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Novel bionic glasses help the blind ‘see’ through sound

When The Voice coaches all turned their chairs during Julee-Anne Bell’s 2021 audition, the blind, classically trained singer had no idea that Jessica Mauboy, had swivelled first. “I should probably let you know that I actually can’t see, I can’t see you at all,” explained Bell, 48, who has been without sight since birth. “There’s four of us,” Guy Sebastian enthused. “If there had been a fifth chair, that would have turned around too,” Keith Urban added, before Guy Sebastian jumped up to duet with Bell, singing Climb Every Mountain, from the Sound of Music.  

Julee-Anne Bell and Guy Sebastian. Photo credit: Channel 7 Network

Bell relied on her cane and help from a crew member to walk on to the Channel Seven stage for her performance. The process would have been far easier had she also been able to use a pair of novel bionic glasses that she has been helping to trial. The ground-breaking ‘smart’ glasses are the brainchild of ARIA, an Australian vision technology innovation company. Their development recently received NSW Health support via a commercialisation training course. They also enjoyed the opportunity to showcase their innovation at the 2023 Joint Economic Meeting, where over 65 leaders from the NSW and Guangdong health and life sciences sectors, came together to explore opportunities for collaboration.

Julee-Anne Bell on The Voice. Photo credit: Channel 7 Network

Mimicking the echolocation of bats and whales  

ARIA glasses employ Augmented Sensory Reality, which means they use sound to tell the wearer what the glasses ‘see’ via small cameras in the device. “This is similar to how bats or whales use echolocation as their primary spatial sense,” says Robert Yearsley, Co-founder and Chief Executive Officer of ARIA. “The glasses provide a person living with vision disability with a simplified vision equivalent (or analog) in sound,” Yearsley further explains. “It doesn’t matter what has caused a person’s blindness – as long as they have hearing, the glasses can help them.”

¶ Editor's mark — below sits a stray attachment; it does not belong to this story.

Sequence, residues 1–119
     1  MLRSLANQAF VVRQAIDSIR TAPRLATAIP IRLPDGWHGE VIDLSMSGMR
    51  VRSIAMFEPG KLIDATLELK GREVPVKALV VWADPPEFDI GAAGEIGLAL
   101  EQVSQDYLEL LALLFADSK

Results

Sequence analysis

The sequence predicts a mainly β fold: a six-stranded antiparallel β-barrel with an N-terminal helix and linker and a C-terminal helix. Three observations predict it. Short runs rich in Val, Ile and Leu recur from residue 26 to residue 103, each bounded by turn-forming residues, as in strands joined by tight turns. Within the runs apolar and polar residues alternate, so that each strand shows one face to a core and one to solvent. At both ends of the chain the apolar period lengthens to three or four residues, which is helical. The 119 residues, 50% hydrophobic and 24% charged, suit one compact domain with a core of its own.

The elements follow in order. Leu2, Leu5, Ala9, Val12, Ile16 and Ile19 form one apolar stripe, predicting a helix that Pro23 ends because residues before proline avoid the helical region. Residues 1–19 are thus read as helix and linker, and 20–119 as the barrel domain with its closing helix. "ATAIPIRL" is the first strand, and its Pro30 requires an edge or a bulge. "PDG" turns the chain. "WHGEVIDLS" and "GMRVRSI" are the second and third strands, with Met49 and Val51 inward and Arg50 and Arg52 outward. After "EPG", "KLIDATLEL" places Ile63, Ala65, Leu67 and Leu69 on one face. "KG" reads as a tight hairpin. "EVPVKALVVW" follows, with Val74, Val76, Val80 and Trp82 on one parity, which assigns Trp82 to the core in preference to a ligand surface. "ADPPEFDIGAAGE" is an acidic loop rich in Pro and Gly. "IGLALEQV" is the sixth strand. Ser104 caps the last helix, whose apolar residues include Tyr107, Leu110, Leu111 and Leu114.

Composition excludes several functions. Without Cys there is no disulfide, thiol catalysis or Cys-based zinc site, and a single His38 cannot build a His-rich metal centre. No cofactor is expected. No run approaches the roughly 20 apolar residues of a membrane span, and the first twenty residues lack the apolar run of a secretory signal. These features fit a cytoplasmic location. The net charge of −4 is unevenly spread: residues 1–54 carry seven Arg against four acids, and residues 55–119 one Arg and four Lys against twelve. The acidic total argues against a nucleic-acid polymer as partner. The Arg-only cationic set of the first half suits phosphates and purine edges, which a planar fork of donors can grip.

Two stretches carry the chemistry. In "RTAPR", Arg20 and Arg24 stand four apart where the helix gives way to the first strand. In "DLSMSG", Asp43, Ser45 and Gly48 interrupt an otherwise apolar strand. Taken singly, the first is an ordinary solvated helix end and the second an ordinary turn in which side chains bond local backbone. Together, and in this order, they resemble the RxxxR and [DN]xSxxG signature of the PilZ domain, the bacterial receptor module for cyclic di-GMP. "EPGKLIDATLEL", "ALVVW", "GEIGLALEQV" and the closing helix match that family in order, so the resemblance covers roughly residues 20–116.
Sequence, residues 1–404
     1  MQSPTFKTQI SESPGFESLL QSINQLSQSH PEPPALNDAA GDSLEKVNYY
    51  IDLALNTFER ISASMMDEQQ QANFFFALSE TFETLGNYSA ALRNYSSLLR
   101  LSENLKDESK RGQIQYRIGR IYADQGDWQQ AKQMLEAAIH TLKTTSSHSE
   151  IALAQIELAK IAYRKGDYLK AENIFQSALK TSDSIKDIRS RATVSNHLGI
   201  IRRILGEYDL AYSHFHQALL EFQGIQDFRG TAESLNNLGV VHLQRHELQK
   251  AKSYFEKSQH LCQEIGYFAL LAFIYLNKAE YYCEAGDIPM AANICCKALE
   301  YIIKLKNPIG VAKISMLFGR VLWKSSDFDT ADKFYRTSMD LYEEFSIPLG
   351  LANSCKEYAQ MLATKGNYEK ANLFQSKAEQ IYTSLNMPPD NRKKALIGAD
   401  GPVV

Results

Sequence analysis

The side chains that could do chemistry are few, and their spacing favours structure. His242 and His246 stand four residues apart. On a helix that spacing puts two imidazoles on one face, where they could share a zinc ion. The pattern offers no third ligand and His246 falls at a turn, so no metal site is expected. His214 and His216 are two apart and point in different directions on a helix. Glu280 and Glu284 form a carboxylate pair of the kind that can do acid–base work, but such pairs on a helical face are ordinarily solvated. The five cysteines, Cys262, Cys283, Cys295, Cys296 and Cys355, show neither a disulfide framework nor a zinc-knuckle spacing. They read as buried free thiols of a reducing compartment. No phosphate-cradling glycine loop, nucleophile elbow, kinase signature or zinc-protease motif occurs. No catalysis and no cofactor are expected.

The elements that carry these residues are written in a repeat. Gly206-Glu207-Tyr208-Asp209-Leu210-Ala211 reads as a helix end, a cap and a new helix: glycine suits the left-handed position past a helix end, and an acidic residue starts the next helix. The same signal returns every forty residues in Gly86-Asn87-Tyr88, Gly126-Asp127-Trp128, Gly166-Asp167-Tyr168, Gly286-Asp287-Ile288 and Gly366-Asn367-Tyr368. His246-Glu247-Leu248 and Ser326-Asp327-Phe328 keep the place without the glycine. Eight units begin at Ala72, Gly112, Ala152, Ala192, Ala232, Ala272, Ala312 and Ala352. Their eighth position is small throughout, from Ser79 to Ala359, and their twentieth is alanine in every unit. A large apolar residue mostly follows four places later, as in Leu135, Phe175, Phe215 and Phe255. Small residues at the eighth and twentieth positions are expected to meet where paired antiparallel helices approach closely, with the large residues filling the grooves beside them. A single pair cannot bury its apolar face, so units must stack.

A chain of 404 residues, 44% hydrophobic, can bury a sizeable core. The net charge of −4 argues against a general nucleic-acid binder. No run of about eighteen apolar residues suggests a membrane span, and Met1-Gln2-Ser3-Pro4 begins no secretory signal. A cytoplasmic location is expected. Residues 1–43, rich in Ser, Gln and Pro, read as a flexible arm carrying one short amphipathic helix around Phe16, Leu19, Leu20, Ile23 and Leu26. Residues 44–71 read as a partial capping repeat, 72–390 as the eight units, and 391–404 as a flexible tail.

In Bell’s case, the smart glasses would have helped her better navigate the unfamiliar backstage and onstage environment of a television soundstage. After her audition, the experienced music teacher, who performed with Queensland Opera for seven years, joined Guy Sebastian’s team until she was eliminated by the series winner in the ‘Cut’ round. “Regardless, I loved every moment of my time on the Voice and I made some friends I will be in touch with for life,” says Bell, who is also Managing Director of the not-for-profit organisation, World Access for the Blind, Australia. 

ARIA co-founders Mark Harrison (L) and Robert Yearsley and Global Vice President Warren Bingham. Photo credit: Jim Rice

‘Seeing’ through sensory augmentation

Vision impairment is a growing challenge throughout the world, with 338 million people currently affected and projections that this figure will rise to more than half a billion people by the year 2050. In Australia, 690,000 people are vision impaired, with 70,000 people impacted by blindness. To address this growing disability, ARIA (which stands for Augmented Reality in Audio), has developed a non-invasive device that requires no surgery or implantation and can be worn like ordinary glasses. “The glasses use a new form of sensory augmentation that combines elements of visual perception and spatial awareness,” says Yearsley. “They also use procioception which is the ability to sense movement, action and objects nearby and around you,” Yearsley adds. “Using this combination of sensory elements, the glasses aim to complement and enhance a blind person’s primary senses of hearing and touch, rather than trying to restore vision.” 

 Each device contains three tiny video cameras, and an advanced Artificial Intelligence (AI), system that uses sound to convey what and where things are in relation to the user. “The speakers, which are located in the arms of the glasses, transmit an intuitive illusion of the location of specific objects which is updated in real time, relative to the user’s body and head position,” Yearsley explains. “This results in a revolutionary level of spatial foreknowledge for people who are blind.”  
 
Information about nearby objects and the surrounding environment is presented to the wearer in two ways. The glasses use ‘spearcons’ where a voice provides verbal cues that state the name of the object, stating words such as ‘shoes’, ‘computer and ‘stool’ when the camera on the glasses recognises those objects nearby. The glasses also use ‘earcons’, where a sound drawn from a large soundbank is used to represent the object – for example – a meow for a cat or the buzz of a vibrating phone. These verbal cues and sounds are loud enough to be heard by the wearer but cannot be heard by those standing near them. A person wearing the glasses can choose to only use the verbal cues or the sound cues or a combination of both. In the future, it is hoped they will also be able to personalise their soundbank as well. 

Marx Melencio, ARIA’s machine vision engineer and rapid prototyping expert, and  was the first blind person to test the glasses in 2020. Photo credit: Jim Rice

‘Hearing’ objects in space